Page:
However, Scorsese was keen on Ray Liotta after seeing him in Jonathan Demme’s 1986 film Something Wild. Liotta eventually convinced Winkler, who was skeptical of his acting chops, that he was right for the role after a chance meeting in a restaurant. Scorsese liked Lorraine Bracco largely due to how well she related to Karen, having grown up in a predominantly Jewish neighborhood in Brooklyn. 

15. During filming, the lines between the movie and the mob world were occasionally blurred. 

Louis Eppolito, a police detective who had a bit part as a wiseguy in Goodfellas, was later convicted for carrying out hits for the Lucchese crime family, which is, of course, the family chronicled in the movie. According to screenwriter Nicholas Pileggi, there was an open call for real wiseguys, and Scorsese “must have hired like half a dozen guys, maybe more, out of the joint.” And Tony Sirico, who had a bit part as a wiseguy in Goodfellas but is best known for playing Paulie Gualtieri on The Sopranos, had a longer crime resume (28 arrests) than acting resume (27 credits) when the movie was released in 1990.

16. Goodfellas bit player Tony Lip is the only actor to also appear in both The Godfather and The Sopranos. 

Speaking of The Sopranos: Between Tony Sirico, Lorraine Bracco, Frank Vincent, Michael Imperioli, and many, many more, the show shares a huge number of cast members with Goodfellas.

However, the only actor confirmed to have appeared in the holy trinity of Mafia pop culture—the original The Godfather, Goodfellas, and The Sopranosis Tony Lip, best known for his portrayal of New York crime boss Carmine Lupertazzi on The Sopranos

17. Goodfellas only went home with one Academy Award, and the winner was taken entirely by surprise.

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While met with extremely enthusiastic reviews, Goodfellas was overshadowed by Kevin Costner’s Dances with Wolves at the 1991 Academy Awards. The film was nominated for six Oscars, including Best Picture, but only took home the Best Supporting Actor trophy for Joe Pesci’s portrayal of Tommy DeVito. Pesci was up against two other mobster portrayals: Al Pacino’s Big Boy Caprice in Dick Tracy and Andy Garcia’s Vincent Mancini in The Godfather: Part III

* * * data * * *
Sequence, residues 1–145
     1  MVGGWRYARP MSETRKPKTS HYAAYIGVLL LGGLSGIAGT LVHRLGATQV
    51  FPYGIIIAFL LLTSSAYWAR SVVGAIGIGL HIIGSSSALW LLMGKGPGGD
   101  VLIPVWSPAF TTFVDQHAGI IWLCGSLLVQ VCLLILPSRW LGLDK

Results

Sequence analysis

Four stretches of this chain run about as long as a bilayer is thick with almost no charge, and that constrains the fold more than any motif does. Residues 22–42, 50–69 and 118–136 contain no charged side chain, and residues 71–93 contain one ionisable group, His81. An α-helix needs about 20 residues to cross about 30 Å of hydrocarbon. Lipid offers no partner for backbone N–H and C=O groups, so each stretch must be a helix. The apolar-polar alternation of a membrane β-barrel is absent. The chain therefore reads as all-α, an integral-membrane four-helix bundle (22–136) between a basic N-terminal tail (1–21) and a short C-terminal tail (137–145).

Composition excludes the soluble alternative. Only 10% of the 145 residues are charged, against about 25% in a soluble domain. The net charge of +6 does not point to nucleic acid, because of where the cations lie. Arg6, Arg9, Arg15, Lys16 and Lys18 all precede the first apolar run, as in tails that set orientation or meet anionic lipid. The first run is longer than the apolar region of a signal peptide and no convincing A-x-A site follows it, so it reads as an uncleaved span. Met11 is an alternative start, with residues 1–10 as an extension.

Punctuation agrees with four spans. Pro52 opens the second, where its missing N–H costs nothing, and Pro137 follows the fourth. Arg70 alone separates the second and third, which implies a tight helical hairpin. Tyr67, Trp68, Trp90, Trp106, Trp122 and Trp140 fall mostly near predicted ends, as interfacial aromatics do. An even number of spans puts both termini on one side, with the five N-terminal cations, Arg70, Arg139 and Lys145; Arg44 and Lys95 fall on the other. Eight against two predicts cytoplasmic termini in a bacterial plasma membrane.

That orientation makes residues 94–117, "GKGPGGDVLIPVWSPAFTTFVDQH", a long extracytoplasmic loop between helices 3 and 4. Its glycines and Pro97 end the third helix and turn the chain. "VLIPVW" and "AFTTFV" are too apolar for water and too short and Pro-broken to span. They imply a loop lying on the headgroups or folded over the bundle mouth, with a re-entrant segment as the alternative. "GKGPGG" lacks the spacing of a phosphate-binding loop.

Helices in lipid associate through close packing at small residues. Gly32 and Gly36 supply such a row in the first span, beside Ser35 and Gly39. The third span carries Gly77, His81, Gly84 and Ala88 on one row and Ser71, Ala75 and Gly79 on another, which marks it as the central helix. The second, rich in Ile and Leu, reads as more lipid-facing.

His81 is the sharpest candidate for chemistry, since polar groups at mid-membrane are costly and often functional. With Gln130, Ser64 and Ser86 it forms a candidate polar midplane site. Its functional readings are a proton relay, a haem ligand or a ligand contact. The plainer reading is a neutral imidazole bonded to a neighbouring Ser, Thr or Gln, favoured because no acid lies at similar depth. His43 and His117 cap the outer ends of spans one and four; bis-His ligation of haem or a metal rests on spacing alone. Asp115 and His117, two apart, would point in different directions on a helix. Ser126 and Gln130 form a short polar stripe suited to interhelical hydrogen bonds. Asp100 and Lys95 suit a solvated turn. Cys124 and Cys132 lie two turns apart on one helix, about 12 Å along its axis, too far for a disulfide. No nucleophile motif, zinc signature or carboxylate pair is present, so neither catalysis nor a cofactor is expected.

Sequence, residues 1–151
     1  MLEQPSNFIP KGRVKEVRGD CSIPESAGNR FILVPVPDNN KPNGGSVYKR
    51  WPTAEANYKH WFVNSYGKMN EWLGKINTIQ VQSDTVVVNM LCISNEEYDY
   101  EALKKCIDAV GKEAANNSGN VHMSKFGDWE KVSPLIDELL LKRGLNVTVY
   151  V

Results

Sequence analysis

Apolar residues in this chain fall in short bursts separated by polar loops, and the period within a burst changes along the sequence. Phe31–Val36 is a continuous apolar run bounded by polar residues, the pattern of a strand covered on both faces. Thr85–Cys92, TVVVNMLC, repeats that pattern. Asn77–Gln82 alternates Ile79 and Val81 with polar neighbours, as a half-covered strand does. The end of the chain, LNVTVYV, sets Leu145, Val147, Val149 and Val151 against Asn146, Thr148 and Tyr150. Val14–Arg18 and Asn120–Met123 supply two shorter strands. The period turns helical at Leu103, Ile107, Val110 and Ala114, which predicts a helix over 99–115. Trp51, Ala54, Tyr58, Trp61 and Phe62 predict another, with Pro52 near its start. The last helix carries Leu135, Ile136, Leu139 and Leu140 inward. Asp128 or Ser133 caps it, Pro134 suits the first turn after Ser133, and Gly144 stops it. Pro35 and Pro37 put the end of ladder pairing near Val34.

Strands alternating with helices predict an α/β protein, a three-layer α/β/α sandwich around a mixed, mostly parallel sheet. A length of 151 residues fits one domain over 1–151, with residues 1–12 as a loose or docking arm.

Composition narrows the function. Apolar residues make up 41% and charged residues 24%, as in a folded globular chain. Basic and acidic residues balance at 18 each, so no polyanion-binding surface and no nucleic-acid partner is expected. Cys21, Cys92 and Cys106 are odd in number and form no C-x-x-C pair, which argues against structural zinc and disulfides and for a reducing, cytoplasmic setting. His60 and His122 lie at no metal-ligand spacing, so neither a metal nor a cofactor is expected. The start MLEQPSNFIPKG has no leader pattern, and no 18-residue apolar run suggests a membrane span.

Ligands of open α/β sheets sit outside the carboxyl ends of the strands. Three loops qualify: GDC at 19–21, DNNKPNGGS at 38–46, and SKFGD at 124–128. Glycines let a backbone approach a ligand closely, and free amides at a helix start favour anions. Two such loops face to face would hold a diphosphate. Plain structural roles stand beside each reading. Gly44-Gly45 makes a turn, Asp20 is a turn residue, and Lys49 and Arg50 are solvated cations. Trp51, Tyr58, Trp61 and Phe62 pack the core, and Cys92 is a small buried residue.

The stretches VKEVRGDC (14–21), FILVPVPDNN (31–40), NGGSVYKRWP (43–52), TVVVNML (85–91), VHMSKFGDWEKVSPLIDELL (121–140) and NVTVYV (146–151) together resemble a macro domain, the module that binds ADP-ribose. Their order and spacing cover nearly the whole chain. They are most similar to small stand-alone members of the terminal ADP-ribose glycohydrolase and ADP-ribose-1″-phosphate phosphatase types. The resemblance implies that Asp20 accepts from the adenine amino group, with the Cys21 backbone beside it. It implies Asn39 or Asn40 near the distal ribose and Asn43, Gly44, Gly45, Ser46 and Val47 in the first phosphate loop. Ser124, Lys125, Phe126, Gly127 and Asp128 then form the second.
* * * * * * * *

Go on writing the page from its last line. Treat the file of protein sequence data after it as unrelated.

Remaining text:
Pesci spoke just five words upon accepting the award (“It’s my privilege. Thank you.”), thus delivering one of the shortest Oscar acceptance speeches ever. According to Pesci, the speech was so brief simply because he didn’t expect to win.

18. The 1978 Lufthansa Heist case is still an open investigation.

As Goodfellas makes clear, many of the mobsters involved with the $6 million 1978 Lufthansa heist—at the time the largest cash robbery in American history—were taken out by a paranoid and greedy Jimmy Burke, while more still were put in jail by Hill’s testimony on unrelated charges. But as of 2014, the Lufthansa heist case was still an active case, as evidenced by the 2014 arrest of Vincent Asaro (who was 78 years old at the time) on cooperating witness testimony. Authorities claim that Asaro served as lookout and helped the getaway. And in a tie to the movie, Asaro is believed to have taken Spider to get stitched up after he was shot.

19. Scorsese played by a specific set of rules when picking the soundtrack. 

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From Tony Bennett’s “Rags to Riches” over the opening narration to The Sex Pistols's punk rock take on “My Way” over the closing credits, Scorsese’s use of music is frequently mentioned as one of the many reasons why Goodfellas is a classic. And, of course, Derek and the Dominos’s “Layla (Piano Exit)” after the discovery of Jimmy Conway’s Lufthansa heist carnage is frequently cited as one of the best uses of popular music in movie history. 

While the genres included run the gamut, Scorsese abided by a set of rules when picking songs: They had to at least vaguely comment on the scene or characters, and they had to be chronologically appropriate to the time the scenes were set in.

20. In the shooting script, Billy Batts was whacked in the very first scene. 

The Goodfellas we now all know and love features Billy Batts living (and dying) to regret his “shine box” remark to Tommy right around the movie’s halfway mark, with just a teaser of Batts getting finished off in a trunk at the beginning. But the original shooting script actually featured Batts celebrating his ill-fated “welcome home” party in the very first scene, followed by dinner at Tommy’s mother's, before cutting to Liotta narrating the immortal words “As far back as I can remember, I always wanted to be a gangster” and cutting to Hill’s life as a Brooklyn kid. 

21. Terrible preview screening numbers had the film team hugely concerned.

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If anyone behind Goodfellas thought it might be a classic in the making, they hardly would have known it from the movie’s preview screenings. Pileggi claims that a screening in Orange County, California had roughly 70 walk-outs due to the violent content. According to an executive producer, one screening ended with the film team hiding at a bowling alley due to an angry audience, with one disgruntled moviegoer simply writing “f**k you” on a comment card. 

22. U.S. Attorney Edward McDonald plays himself.